Thomas L. Thompson on Biblical history

Jerry Russell

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Staff member
Thomas L. Thompson is famous for the long period of time he spent working as a janitor and house painter after his PhD was first denied by Ratzinger at Tubingen in 1971, and then awarded by Temple University in 1976. His dissertation was "The Quest for the Historical Abraham". He finally got a tenure-track position at University of Copenhagen in 1993.

His work has remained controversial throughout his career. In 1999 there was a flap in which he was accused of anti-Semitism, to which he replied here, making a number of points which I think are pretty important to keep in mind; including:

1) "The three disciplines of Palestinian archaeology, history and biblical exegesis are independent disciplines which should not be harmonized. Each of these disciplines have their own methods and integrity. Our discourse needs to be subject to all three."
Thompson's magnum opus in the Old Testament field is "The Mythic Past:Biblical Archaeology and the Myth of Israel" (1999). He has also written about New Testament in "The Messiah Myth".
 
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Richard Stanley

Administrator
Minimally, why would one desire to keep the disciplines of history and archaeology from being harmonized? With the OT, at least, it seems like much of this can be resolved if it can be recast as propagandic distortions of history. And the fantastical being recast being symbolic metaphors for geo-political events that the 'lifetime directors' didn't want revealed in a literal fashion.
 

Jerry Russell

Administrator
Staff member
One might argue that before any harmonization is possible, the independent disciplines need to be nurtured to the point where each speaks in its own voice.

I've started reading the book, and find that he feels that the ancients had a sense of timelessness. While events might occur, there was no sense of progress or change, just a procession of examples of eternal principles. Various stories form echoing clusters, with repeated themes.

Perhaps this is taking a mythical / ahistorical perspective to an unnecessary extreme.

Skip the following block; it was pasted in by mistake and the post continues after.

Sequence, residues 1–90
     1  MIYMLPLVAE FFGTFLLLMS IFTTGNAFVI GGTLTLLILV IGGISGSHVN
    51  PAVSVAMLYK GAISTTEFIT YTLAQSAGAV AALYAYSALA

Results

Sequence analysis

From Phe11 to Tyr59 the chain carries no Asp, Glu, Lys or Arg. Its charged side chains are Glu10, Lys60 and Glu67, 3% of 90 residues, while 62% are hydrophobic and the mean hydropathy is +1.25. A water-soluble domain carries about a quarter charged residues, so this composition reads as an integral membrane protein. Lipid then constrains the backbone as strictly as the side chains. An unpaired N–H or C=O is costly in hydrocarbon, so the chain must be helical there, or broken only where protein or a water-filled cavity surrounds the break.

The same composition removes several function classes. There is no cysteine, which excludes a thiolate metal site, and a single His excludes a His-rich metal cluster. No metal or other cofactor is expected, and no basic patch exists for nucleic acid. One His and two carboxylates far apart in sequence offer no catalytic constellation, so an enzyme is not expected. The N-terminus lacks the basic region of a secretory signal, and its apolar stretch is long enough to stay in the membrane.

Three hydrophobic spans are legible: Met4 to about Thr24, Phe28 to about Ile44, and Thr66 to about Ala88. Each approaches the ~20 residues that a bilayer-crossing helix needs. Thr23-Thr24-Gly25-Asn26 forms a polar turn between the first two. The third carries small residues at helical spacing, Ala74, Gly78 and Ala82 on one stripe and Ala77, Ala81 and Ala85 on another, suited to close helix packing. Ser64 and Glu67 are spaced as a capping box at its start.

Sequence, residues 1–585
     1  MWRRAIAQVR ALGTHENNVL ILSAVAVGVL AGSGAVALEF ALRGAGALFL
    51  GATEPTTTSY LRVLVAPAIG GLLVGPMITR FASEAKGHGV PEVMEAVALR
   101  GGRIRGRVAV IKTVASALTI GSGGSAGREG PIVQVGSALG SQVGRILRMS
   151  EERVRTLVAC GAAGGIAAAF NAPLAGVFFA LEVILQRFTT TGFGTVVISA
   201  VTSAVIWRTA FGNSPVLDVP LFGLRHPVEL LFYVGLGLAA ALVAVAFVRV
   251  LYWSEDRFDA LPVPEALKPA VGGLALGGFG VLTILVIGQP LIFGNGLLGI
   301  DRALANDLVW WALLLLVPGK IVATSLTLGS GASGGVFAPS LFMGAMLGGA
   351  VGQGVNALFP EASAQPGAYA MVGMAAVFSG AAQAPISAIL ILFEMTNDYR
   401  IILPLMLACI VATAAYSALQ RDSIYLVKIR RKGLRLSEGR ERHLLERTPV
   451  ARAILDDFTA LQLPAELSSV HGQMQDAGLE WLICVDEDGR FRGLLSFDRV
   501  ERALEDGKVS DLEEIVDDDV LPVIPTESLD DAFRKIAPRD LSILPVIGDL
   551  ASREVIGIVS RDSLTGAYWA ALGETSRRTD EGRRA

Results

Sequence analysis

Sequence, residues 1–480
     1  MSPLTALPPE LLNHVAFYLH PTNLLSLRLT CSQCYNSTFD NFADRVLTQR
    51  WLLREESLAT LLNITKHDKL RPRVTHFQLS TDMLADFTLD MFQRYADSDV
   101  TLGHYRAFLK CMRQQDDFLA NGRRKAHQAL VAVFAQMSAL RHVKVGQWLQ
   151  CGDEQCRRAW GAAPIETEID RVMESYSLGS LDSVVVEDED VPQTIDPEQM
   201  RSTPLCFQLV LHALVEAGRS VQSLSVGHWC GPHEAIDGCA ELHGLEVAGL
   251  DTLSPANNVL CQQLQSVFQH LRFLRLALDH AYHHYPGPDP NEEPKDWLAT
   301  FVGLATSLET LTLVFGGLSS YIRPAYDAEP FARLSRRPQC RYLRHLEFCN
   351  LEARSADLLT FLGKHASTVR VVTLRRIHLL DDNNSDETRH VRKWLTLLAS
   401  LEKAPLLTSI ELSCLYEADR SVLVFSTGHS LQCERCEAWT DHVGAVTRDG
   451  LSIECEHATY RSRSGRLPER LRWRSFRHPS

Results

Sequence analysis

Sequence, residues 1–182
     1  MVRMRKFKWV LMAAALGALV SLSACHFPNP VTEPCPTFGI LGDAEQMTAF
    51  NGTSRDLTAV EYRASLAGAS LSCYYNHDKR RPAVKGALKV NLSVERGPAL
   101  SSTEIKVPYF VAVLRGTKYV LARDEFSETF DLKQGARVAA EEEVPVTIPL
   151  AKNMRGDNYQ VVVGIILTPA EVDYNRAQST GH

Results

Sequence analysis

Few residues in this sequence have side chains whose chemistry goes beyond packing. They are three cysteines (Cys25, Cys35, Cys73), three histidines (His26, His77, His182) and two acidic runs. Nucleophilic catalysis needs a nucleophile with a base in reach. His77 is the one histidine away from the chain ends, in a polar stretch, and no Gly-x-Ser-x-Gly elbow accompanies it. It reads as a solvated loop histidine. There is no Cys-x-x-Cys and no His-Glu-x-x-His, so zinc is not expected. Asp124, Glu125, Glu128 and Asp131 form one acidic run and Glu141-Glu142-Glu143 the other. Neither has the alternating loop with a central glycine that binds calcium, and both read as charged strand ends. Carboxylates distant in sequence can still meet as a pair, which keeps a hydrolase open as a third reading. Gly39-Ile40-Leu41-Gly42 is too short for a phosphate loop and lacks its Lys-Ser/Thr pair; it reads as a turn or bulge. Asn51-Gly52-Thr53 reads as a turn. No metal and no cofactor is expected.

Richard Stanley

Administrator
Our previous articles discussed that the Jewish narratives differ in that they convey a sense of linear time flow, whereas the Classical Greek cultural tableau indeed conveys a timeless sense. Such that a Greek tragedy could be placed in any period, floating from any past or future. I think it was Cyrus Gordon that made this point, or perhaps Moses Hadas?

One might argue that before any harmonization is possible, the independent disciplines need to be nurtured to the point where each speaks in its own voice.
But what if a specific piece of archaeological evidence can indeed speak to an element of history, or to a religious narrative?
 

Jerry Russell

Administrator
Staff member
Our previous articles discussed that the Jewish narratives differ in that they convey a sense of linear time flow, whereas the Classical Greek cultural tableau indeed conveys a timeless sense.
I believe it was Hadas that made this point. And I tend to agree with Hadas, and disagree with Thompson for the most part.

But what if a specific piece of archaeological evidence can indeed speak to an element of history, or to a religious narrative?
Just in the first few pages, Thompson has already mentioned the cases of Omri, Ahab and Jesu, whose names are confirmed in inscriptions and Assyrian records. Even in these cases, he denies any specific historicity, claiming that these are references to already-ancient, generic heroes or family dynastic lines. Comparing this to the general trend of scholarly opinion, I'm beginning to see why Thompson had to spend so much time doing house painting.
 
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